Thus an axial oscillation of the shaft produced.

As explained above, due to the mass of the rotor the effective movement of the shaft at relatively high. frequencies is small but this is amplified or reinforced by the vibrational forces of the attached reed or flap which vibrates freely. To obtain maximum reinforcement it is desirable to tune the reed to twice the frequency of the alternating flux.

I claim: I

1. A rotating alternating current electrical component comprising a stator element carrying at least oneeleo trical winding contained in slots therein, a rotor of high permeability magnetic material, atleast. one polarizing winding for the rotor and a thin flexible member for the rotor mounted on the rotor in a position in which it is influenced by the magnetic field passing therethrough so as to vibrate and thereby impart axial vibrations to the rotor.

2. A rotating alternating current electrical component comprising a stator element carrying at least one electrical winding, a rotor of high permeability material mounted within the stator element for rotational and limited axial movement, a spring restraining the axial movement of the rotor in one direction, at least one polarizing winding 45. mounted around the rotor, a thin flexible member mounted on the rotor in a position in which it is influenced by the magnetic field passing therethrough so as to vibrate and thereby impart axial vibration to the rotor.

3. A rotating alternating current electrical component comprising a stator of laminations of high permeability material having a circular, slotted bore, stator windings mounted within the slots, a case supporting the stator and having end plates, journals supported by one of the end plates, a hollow magnetic core mounted onthe other end plate and. extending within the stator with an air gap therebetween, journals mounted within the hollow magnetic core, a rotor shaft supported in the journals of the end plate magnetic core, a spring mounted within the magnetic core and abutting one end of the rotorshaft, a polarizing winding mounted on the magnetic coil for connection to an AC. supply, a rotor element of high permeability magnetic material mounted on the shaft and exv tending into part of the air gap between the stator and No references cited.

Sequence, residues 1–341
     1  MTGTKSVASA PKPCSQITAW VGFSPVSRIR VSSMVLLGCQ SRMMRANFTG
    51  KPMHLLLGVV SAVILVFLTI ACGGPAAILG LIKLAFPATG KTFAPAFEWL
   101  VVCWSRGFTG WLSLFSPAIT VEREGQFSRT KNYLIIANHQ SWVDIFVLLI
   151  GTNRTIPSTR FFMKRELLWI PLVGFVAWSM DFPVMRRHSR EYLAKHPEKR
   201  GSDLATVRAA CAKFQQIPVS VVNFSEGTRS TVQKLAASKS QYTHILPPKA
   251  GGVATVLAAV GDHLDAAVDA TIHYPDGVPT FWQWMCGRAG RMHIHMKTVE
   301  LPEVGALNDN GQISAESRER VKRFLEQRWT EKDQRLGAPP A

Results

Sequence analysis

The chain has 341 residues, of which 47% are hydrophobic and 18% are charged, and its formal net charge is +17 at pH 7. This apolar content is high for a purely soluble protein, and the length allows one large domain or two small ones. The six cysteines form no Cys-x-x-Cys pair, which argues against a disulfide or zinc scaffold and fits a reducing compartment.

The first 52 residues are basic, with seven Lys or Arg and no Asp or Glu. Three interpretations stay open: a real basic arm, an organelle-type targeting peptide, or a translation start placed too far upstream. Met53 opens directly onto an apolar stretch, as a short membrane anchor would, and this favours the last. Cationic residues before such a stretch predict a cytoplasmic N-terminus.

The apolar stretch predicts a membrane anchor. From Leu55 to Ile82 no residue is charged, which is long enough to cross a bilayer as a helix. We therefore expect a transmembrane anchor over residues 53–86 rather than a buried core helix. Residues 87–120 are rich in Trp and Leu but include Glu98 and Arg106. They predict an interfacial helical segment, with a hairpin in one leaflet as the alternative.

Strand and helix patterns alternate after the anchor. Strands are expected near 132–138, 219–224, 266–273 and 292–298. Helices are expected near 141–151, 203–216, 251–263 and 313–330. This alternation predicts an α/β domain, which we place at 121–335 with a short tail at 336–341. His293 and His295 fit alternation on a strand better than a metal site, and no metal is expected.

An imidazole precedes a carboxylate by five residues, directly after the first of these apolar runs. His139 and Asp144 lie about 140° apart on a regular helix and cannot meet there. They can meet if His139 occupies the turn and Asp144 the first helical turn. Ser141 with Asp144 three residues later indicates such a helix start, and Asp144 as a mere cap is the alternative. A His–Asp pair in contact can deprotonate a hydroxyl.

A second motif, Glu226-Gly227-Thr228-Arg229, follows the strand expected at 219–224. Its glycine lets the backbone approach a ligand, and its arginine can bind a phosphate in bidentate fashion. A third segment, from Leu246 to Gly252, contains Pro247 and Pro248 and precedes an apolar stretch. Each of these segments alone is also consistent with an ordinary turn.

Non-Patent Citations
Reference
1 *None
Referenced by
Citing PatentFiling datePublication dateApplicantTitle
US3352608 *Apr 16, 1965Nov 14, 1967Gen Motors CorpDithering suspension system
US3381151 *Nov 8, 1965Apr 30, 1968Atvidabergs Ind AbElectric step-by-step motor
US3668447 *May 27, 1968Jun 6, 1972Hayasaka EnakichiHomopole-type ac generator
US3690124 *Nov 23, 1970Sep 12, 1972North American RockwellIndependent needle knitting machines
US5162073 *Sep 6, 1991Nov 10, 1992Applied Magnetics CorporationTextured air bearing surface
US5336550 *May 18, 1993Aug 9, 1994Applied Magnetics CorporationCarbon overcoat for magnetic head sliders
US5452166 *Oct 1, 1993Sep 19, 1995Applied Magnetics CorporationThin film magnetic recording head for minimizing undershoots and a method for manufacturing the same
US5654850 *Aug 8, 1994Aug 5, 1997Applied Magnetics Corp.Carbon overcoat with electrically conductive adhesive layer for magnetic head sliders
US5675461 *Jul 19, 1996Oct 7, 1997Applied Magnetics CorporationThin film magnetic recording head for minimizing undershoots
US5715597 *Aug 14, 1995Feb 10, 1998Applied Magnetics CorporationMethod for manufacturing thin film magnetic head
US5939133 *Apr 25, 1997Aug 17, 1999Applied Magnetics CorporationSputtering wear and corrosion resistant, protective coating;masking; rotatable magnetic disks
DE4113880A1 *Apr 27, 1991Oct 29, 1992Messerschmitt Boelkow BlohmDrehmeldesystem
Classifications
U.S. Classification310/166, 310/266, 310/66, 310/261.1, 310/90, 310/410
International ClassificationH02K24/00
Cooperative ClassificationH02K24/00
European ClassificationH02K24/00